CleanTechnica published a story recently showing that the emissions from wasted methane flared off by oil companies is equal to the exhaust emissions from 70,000,000 vehicles worldwide. Carbon capture proponents to ignore such upstream emissions, but Jacobson includes them. After doing so, he says 10 to 20% carbon capture at thermal plants is more realistic.
Then there is the problem of powering the carbon capture equipment, which consumes significant amounts of electricity. Jacobson argues that even if that electricity comes from solar or wind, it could be put to better use than operating carbon capture systems. “Even if you have 100 percent capture from the capture equipment, it is still worse, from a social cost perspective, than replacing a coal or gas plant with a wind farm because carbon capture never reduces air pollution and always has a capture equipment cost. Wind replacing fossil fuels always reduces air pollution and never has a capture equipment cost.”
“Not only does carbon capture hardly work at existing plants, but there’s no way it can actually improve to be better than replacing coal or gas with wind or solar directly,” Jacobson says. “The latter will always be better, no matter what, in terms of the social cost. You can’t just ignore health costs or climate costs.”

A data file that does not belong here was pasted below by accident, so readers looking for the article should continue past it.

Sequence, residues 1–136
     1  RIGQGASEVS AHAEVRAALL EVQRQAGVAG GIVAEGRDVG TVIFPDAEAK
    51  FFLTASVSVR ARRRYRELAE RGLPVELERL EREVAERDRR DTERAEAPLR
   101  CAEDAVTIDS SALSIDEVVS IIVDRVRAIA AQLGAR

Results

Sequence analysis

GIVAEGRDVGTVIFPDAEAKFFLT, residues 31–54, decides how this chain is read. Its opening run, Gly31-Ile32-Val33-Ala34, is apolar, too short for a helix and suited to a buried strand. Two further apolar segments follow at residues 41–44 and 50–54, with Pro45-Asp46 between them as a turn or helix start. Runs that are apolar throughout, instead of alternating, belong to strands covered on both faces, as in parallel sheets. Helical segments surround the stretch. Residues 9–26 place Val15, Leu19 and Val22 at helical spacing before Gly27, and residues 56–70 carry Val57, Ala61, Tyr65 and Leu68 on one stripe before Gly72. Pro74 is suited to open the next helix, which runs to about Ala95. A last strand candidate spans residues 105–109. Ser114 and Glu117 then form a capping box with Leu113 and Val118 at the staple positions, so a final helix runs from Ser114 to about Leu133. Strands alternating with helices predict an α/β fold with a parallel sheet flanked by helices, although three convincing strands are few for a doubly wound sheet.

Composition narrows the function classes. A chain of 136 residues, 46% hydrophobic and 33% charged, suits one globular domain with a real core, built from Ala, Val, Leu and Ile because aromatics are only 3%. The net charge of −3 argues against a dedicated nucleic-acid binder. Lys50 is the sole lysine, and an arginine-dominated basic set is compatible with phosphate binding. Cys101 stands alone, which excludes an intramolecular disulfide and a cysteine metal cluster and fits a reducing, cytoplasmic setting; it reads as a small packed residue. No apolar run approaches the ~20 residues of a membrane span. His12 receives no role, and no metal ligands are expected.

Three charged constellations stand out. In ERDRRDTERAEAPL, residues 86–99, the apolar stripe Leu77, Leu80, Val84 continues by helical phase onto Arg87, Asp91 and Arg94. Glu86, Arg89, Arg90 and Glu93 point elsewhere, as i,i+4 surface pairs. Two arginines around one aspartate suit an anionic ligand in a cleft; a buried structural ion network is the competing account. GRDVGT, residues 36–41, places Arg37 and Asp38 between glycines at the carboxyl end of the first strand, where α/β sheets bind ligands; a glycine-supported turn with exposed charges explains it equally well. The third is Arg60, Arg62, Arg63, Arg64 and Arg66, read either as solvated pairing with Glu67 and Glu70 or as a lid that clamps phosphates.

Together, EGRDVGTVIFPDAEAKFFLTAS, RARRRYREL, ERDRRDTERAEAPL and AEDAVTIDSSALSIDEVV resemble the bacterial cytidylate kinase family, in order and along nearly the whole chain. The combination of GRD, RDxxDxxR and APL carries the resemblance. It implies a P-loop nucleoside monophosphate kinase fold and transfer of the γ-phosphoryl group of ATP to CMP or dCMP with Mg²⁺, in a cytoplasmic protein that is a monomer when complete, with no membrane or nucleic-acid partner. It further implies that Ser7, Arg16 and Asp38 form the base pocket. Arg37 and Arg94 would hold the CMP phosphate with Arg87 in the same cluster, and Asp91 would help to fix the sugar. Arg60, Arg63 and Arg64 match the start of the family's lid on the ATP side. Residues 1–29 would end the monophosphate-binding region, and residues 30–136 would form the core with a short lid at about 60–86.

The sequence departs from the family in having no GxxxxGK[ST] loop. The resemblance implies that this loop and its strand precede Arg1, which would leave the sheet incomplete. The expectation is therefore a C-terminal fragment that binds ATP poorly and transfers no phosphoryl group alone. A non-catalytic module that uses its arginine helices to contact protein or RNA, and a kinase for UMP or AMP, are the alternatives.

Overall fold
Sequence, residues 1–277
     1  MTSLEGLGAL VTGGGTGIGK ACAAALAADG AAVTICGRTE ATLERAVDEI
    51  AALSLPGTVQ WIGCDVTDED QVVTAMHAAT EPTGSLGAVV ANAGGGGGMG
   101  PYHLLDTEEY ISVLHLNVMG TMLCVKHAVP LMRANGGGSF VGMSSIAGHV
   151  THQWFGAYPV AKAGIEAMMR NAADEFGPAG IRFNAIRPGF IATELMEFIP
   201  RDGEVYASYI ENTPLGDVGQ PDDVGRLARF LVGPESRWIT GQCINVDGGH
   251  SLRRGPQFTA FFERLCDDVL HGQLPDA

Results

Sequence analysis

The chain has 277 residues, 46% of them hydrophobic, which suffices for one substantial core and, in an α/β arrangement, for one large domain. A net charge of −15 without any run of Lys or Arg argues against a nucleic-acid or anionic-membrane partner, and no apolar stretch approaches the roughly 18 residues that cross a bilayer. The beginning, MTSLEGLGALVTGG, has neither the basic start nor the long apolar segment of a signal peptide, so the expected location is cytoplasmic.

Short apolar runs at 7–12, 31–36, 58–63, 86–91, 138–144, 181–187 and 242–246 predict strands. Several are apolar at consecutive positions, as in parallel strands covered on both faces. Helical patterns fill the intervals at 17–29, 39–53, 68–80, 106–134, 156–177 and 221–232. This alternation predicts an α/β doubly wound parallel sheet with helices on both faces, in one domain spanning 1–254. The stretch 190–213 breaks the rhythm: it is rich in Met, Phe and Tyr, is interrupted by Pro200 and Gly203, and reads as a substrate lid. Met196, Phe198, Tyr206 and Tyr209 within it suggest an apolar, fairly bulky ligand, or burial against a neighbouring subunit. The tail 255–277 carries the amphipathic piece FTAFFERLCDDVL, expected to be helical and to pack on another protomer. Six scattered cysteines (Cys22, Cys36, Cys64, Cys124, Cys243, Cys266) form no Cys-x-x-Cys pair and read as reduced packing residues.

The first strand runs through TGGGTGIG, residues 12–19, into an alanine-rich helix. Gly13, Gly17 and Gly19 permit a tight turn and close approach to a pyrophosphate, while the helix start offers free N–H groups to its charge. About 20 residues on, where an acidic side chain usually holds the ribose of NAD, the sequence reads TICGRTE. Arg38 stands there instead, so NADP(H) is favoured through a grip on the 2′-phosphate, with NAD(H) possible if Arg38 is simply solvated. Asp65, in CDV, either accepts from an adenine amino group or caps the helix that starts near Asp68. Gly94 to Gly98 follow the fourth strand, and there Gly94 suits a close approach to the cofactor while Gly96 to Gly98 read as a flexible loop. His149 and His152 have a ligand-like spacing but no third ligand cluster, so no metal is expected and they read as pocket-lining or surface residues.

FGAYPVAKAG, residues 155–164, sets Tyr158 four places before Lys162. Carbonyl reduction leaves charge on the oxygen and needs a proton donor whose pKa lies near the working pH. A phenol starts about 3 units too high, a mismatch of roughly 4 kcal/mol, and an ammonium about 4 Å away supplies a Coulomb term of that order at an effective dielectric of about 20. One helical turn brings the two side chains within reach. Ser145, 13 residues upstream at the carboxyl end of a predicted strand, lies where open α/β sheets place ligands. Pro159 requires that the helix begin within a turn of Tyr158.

But surely once the world transitions to 100% renewable energy, carbon capture techniques — like the one proposed by the MIT researchers — could be used to suck carbon dioxide out of the air, couldn’t they? Jacobson suggests even then the smarter investment is in options such as reforestation and reducing halogen, nitrous oxide. and methane emissions.
“There is a lot of reliance on carbon capture in theoretical modeling, and by focusing on that as even a possibility, that diverts resources away from real solutions,” he says. “It gives people hope that you can keep fossil fuel power plants alive. It delays action. In fact, carbon capture and direct air capture are always opportunity costs.” Economists talk about opportunity costs all the time. The principle is simple. If you are doing A, by definition you cannot be doing B. You cannot simultaneously go to work and lie on a beach in Tahiti, for instance.
Stanford vs. MIT
CleanTechnica reached out to Professor Jacobson to get his reaction to the latest MIT carbon capture news and he was gracious enough to respond almost immediately.